Yoji Kondo was a scientist, a person, a colleague, a friend to look up to.
He dispensed wisdom with an unassuming smile, he put science over bureaucracy, and gently succeeded to run projects that way, accomplishing and facilitating major scientific endeavors. His vision has been very influential to NASA and UV astronomy for decades. His recipe for success of any project was – as he would put it – “very simple”: just surround yourself with the best people. He liked to always credit his team and his collaborators for any accomplishment, a trait for which he deserves the bigger credit in turn.
Yoji headed the astrophysics laboratory at the Johnson Space Center during the Apollo and Skylab missions. Then for fifteen years he led for NASA the IUE mission, an international scientific satellite performing UV spectroscopy, and doing it so successfully that operations were extended for over 18 years. If IUE is perhaps the best remembered success, Yoji’s contribution to UV astronomy goes back to NASA sounding-rocket flights with Al Boggess in the late ’60s, followed by observations during extravehicular flights with NASA’s manned Gemini XI, again in the late 60’s. In the ’70s, Yoji participated in the S-019 UV spectroscopy experiment aboard SKYLAB, as well as developed his balloon-borne ultraviolet spectroscopic payload, BUSS. The BUSS payload and IUE had significant European participation. Later, Yoji was NASA Project Scientist for EUVE (Extreme Ultraviolet Explorer), another very successful space telescope surveying the sky in Extreme-UV wavelengths from 1992 to 2001. More recently, Yoji was co-investigator on the very successful Kepler mission.
Yoji Kondo also valued and enjoyed teaching, and held concurrent appointments at several universities while working as a NASA scientist. Throughout his long and rich life, he touched in a very positive way the careers of so many young scientists. Retired from his NASA position at GSFC, he never retired from doing science, and never stopped thinking about future projects. During occasional lunch meetings with Yoji and his closest collaborators, conversation about projects, new data, collaborations, was always prompting his interest and vision. But it was also enriched by stories of his life, from when he was a boy not far from Iwo Jima, after the bomb, carrying buckets of water for his older brother to keep their house wet to avoid that it may catch fire, to creative quick problem solving during the time of the Apollo missions, to how he ’borrowed’ pleasant traits from this or that colleague to create his literary characters. Because, besides leading science projects and NASA missions, teaching martial arts, and enjoying Italian opera, Yoji wrote several science fiction books, using the nom de plume of Eric Kotani. About them I will only recall one thing he was jokingly proud of: one of his fiction books contains an actual Hertzsprung-Russell Diagram, the only such scientific figure ever published in a science fiction book.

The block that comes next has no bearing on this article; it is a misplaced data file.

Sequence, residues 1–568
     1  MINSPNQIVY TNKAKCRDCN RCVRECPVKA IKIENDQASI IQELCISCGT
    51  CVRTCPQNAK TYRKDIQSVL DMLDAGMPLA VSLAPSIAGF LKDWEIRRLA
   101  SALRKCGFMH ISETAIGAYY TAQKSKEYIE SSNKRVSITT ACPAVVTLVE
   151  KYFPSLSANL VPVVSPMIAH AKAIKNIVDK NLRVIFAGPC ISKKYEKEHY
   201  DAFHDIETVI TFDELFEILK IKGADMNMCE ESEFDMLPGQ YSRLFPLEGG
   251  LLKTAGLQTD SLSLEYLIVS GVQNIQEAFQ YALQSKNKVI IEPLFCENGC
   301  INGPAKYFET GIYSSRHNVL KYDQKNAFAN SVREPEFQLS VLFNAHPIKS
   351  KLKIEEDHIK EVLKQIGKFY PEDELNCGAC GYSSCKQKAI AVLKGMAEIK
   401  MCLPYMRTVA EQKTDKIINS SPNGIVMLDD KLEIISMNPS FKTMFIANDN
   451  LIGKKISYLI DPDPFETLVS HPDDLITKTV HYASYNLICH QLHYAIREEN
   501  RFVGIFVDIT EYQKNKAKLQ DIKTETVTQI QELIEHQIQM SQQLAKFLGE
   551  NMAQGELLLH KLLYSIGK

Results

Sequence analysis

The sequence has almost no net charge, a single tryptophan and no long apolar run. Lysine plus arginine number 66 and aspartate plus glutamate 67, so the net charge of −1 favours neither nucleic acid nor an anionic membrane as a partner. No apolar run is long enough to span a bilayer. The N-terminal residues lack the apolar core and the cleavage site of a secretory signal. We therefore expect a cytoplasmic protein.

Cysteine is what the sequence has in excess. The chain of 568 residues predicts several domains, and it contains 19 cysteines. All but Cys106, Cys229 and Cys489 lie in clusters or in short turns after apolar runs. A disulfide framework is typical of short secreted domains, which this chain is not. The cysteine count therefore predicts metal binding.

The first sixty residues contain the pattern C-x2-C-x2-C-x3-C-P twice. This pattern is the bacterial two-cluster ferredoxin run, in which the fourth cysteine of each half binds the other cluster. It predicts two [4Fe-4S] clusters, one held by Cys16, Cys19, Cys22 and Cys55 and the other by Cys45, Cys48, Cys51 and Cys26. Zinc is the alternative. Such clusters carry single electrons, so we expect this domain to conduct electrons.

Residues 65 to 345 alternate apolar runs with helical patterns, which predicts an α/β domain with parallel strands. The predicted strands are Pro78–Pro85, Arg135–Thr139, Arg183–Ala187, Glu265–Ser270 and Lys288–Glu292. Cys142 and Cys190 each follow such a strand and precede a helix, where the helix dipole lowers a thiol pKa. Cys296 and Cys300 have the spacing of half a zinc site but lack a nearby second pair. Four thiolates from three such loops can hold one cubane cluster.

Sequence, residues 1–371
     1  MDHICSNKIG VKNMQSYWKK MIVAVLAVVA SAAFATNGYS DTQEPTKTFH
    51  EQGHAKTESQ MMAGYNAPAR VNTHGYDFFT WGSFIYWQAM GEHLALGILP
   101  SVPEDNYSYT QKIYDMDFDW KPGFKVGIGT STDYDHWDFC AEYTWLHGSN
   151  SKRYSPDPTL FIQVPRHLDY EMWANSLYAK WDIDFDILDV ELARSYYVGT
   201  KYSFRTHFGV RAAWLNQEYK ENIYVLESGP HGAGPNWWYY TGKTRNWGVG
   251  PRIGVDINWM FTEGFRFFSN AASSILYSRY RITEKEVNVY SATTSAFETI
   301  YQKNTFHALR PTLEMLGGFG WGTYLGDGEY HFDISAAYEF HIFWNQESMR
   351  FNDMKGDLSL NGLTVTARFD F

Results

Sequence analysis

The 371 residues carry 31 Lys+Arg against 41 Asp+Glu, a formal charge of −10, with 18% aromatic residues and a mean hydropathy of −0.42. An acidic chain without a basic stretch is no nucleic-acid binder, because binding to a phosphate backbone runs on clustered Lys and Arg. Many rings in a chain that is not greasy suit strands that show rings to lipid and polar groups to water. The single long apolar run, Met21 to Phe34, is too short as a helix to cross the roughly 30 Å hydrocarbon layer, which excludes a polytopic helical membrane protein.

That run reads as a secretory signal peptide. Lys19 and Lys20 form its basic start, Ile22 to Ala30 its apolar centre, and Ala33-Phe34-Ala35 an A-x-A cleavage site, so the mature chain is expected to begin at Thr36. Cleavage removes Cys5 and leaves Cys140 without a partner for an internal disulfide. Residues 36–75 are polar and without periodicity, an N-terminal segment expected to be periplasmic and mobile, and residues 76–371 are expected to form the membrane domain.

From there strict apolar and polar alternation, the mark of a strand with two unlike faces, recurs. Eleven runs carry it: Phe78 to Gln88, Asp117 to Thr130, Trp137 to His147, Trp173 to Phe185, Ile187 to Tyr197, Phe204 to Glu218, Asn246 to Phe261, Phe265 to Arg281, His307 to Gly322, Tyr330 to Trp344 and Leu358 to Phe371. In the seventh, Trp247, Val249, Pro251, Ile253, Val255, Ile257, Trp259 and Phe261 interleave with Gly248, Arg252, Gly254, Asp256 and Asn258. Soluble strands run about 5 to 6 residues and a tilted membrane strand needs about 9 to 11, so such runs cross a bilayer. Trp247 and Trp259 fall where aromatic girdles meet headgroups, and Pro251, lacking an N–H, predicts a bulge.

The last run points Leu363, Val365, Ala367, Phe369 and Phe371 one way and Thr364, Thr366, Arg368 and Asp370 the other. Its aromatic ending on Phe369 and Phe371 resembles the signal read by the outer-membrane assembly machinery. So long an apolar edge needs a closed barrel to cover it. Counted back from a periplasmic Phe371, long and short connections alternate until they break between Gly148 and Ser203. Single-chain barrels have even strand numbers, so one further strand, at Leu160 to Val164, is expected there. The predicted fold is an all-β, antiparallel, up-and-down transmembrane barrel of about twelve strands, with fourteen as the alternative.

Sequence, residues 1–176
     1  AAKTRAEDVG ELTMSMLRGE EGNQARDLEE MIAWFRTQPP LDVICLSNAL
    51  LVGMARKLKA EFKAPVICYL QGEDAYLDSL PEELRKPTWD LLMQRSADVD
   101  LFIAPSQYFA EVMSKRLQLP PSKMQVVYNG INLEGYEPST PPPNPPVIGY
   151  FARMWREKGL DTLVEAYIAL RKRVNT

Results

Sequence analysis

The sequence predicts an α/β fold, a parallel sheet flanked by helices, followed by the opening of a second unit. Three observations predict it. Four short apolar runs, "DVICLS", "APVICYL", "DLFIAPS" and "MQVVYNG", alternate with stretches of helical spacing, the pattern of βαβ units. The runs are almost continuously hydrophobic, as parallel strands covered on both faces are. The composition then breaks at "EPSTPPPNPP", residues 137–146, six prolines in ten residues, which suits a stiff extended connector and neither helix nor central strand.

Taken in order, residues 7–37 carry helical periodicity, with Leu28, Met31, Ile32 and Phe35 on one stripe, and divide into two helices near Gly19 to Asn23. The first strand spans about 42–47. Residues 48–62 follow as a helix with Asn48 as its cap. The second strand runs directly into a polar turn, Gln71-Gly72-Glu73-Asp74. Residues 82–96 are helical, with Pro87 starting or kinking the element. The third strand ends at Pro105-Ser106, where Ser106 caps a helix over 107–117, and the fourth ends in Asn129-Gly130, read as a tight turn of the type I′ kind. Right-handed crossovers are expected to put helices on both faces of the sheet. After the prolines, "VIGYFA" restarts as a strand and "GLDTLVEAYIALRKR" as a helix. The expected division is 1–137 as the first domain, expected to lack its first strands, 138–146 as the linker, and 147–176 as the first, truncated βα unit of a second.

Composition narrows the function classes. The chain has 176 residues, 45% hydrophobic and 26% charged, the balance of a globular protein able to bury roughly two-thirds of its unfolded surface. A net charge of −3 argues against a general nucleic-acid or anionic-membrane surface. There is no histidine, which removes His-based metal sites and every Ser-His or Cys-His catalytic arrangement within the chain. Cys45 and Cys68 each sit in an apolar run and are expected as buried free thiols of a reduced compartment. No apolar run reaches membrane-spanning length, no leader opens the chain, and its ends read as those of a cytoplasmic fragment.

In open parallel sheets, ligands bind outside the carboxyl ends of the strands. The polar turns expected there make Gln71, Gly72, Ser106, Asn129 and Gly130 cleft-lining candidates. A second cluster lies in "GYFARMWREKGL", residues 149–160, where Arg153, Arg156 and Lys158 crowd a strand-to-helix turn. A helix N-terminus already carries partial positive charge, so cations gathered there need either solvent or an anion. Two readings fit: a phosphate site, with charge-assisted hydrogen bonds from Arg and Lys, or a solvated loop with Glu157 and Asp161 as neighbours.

Yoji has been president of the IAU Commission on Astronomy from Space, president of the IAU Commission on Close Binary Stars, and president of the IAU Division on Variable Stars.
A prominent figure for half a century of UV astronomy, Yoji was a rich, generous personality and scientist, with much to tell and to teach, his ’simple’ ways making his influence all the more effective.
Farewell Yoji: your work, your teaching, your friendship live on in generations of astronomers.
Written by: Luciana Bianchi
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